Dirty Secrets—Cleanse Your Kitchen of these 10 Germ-Infested Hiding Spots

April 2015 View more

Cleaning Grease And Dirt Off Glass CounterThe most germ-infested place in your home is your kitchen. The lurking germs can be invisible and harmful to your family’s health.

Microbiologists from the National Sanitation Foundation (NSF) analyzed common kitchen items for the presence of four different types of microorganisms. The NSF International Germ Study found 36 percent of kitchen items contained E. coli and salmonella, 14 percent were contaminated with listeria, and 100 percent of the kitchen items in the study contained at least some traces of yeast and mold.

These pathogen-ridden surfaces and gadgets then come into contact with our food, increasing the odds that we will get sick from one of the many food-borne illnesses. However, a little hygiene can help zap the germs.


The kitchen sponge takes the top spot as the number one source of germs in the entire house. The moist, porous, micro-crevices that make a sponge an effective cleaning device also make it a cozy home for germs. And wiping your counter with a dirty sponge transfers bacteria from one item to the next. If you heat a wet sponge in the microwave for one minute, you can eliminate the germs that live in the crevices.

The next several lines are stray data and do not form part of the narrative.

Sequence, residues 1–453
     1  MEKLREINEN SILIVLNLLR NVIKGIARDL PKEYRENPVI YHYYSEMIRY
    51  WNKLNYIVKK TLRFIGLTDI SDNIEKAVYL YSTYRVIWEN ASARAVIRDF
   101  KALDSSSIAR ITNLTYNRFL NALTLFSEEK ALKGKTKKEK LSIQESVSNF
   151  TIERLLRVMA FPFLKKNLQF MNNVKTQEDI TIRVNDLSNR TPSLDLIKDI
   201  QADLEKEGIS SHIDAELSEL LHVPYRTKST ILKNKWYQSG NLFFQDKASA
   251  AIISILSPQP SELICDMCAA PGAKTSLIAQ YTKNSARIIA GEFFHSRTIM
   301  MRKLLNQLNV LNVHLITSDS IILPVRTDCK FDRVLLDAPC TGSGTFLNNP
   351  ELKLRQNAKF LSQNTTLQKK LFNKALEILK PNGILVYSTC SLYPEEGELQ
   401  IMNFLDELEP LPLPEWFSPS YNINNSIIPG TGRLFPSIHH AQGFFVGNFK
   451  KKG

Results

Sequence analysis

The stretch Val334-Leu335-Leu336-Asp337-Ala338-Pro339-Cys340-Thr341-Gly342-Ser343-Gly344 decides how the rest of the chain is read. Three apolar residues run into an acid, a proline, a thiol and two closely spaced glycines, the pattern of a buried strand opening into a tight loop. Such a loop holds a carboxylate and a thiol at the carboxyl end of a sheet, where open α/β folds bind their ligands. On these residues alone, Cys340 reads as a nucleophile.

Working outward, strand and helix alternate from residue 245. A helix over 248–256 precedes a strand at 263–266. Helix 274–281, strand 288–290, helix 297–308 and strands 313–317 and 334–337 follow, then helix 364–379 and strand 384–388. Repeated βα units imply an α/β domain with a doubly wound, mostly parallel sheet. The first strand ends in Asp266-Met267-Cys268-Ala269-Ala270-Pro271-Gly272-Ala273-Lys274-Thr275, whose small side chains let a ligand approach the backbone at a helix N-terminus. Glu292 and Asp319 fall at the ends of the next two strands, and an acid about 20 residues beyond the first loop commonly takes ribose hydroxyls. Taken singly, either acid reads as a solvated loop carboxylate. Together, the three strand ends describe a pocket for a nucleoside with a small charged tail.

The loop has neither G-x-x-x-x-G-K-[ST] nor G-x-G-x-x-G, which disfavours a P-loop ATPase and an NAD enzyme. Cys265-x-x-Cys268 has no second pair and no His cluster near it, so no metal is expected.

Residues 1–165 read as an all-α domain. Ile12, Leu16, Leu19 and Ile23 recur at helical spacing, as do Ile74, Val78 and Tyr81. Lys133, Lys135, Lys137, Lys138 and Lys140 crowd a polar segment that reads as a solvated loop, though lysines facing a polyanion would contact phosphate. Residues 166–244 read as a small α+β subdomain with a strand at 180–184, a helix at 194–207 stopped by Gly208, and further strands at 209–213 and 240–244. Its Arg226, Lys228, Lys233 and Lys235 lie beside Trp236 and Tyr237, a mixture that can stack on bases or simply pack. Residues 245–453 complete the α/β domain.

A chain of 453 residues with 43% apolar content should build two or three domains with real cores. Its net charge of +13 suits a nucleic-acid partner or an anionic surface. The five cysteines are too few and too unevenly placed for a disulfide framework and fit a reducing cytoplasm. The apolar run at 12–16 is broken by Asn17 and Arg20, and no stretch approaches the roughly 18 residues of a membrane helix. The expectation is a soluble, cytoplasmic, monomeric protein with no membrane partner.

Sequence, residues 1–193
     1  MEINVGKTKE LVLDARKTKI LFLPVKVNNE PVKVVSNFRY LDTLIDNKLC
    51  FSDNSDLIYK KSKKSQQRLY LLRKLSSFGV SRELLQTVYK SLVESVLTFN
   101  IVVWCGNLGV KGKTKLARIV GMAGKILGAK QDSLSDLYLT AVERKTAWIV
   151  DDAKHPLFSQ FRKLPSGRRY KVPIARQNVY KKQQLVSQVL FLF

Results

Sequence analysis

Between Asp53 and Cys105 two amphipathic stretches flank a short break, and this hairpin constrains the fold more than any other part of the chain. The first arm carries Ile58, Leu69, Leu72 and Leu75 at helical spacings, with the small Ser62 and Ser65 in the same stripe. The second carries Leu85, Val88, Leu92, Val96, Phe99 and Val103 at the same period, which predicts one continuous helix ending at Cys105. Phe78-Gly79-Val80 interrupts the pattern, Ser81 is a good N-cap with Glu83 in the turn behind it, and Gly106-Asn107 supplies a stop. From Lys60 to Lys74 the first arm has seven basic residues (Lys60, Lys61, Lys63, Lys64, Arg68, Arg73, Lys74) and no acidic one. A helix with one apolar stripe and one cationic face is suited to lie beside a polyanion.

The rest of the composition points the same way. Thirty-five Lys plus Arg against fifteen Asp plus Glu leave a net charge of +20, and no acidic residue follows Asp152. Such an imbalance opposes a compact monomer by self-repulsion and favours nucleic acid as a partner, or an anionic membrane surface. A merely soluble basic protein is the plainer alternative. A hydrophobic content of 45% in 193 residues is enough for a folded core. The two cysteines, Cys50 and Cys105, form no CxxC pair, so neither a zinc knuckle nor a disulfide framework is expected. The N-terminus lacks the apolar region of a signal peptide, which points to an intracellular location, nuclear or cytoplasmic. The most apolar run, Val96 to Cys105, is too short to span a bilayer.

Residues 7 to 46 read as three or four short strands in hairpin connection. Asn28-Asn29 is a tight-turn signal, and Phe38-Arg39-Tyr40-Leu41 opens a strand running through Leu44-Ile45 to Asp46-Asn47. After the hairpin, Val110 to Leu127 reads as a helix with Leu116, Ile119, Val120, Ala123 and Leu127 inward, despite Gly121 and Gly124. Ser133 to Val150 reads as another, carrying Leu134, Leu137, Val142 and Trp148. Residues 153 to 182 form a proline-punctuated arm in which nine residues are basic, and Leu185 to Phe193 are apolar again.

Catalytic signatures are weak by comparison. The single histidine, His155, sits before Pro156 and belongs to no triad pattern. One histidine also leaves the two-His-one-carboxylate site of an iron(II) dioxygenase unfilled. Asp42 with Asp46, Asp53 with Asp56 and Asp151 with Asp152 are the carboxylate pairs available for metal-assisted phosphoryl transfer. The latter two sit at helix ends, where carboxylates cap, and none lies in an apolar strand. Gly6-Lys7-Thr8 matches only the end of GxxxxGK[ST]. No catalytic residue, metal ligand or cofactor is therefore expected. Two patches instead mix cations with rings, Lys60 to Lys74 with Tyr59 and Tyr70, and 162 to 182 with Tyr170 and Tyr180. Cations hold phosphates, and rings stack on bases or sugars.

So many germs are washed down the kitchen sink. Don’t let the pathogens linger. Disinfect the sink every day with a mixture of water and bleach.


It’s best to wash your can opener in the dishwasher to keep microorganisms like yeast, mold, salmonella, and E. coli from growing on the cutting surface.


Since the shakers are touched frequently, it’s easy for germs to latch onto the containers. Use disinfecting wipes to clean the shakers after each meal.


The refrigerator meat compartments were also found in the study to be one of the top hiding places for germs. Not only were yeast and mold present, but both salmonella and E. coli were also found. Remove the drawer from the fridge and wash it with detergent mixed with warm water. Keep meat below the produce so raw juices don’t drip onto your fruits and veggies.


Disassemble the blender before washing. If it’s dishwasher safe, put it through a wash cycle. To hand wash it, use hot, soapy water and completely dry each piece before reassembling.


The dark, moist environment of a knife block can breed germs. Both yeast and mold were found embedded on the board during the study. When you take the knives out to clean the block, turn it upside down and shake lightly. Hand wash the knife block using a small brush. Then rinse it well. You can also sanitize it by mixing one gallon of tap water with one tablespoon of 5.25 percent household bleach. Let the mixture sit in contact with the slots for one minute. Then rise it well and allow the block to dry thoroughly upside down.


If your spatula can be disassembled, remove the handle and wash both pieces in the dishwasher or by hand to remove any E. coli, yeast, or mold that may be present. If it doesn’t come apart, use extra effort washing the area where the two pieces join.


If your storage containers are dishwasher safe, put the container and lid through a wash cycle. If hand washing the container and lid in hot soapy water, pay special attention to the area around the seal, especially where the cover attaches to the container.


The seal around the door of your refrigerator can harbor harmful bacteria. Sanitize it periodically with soapy water and then dry it thoroughly with a clean towel.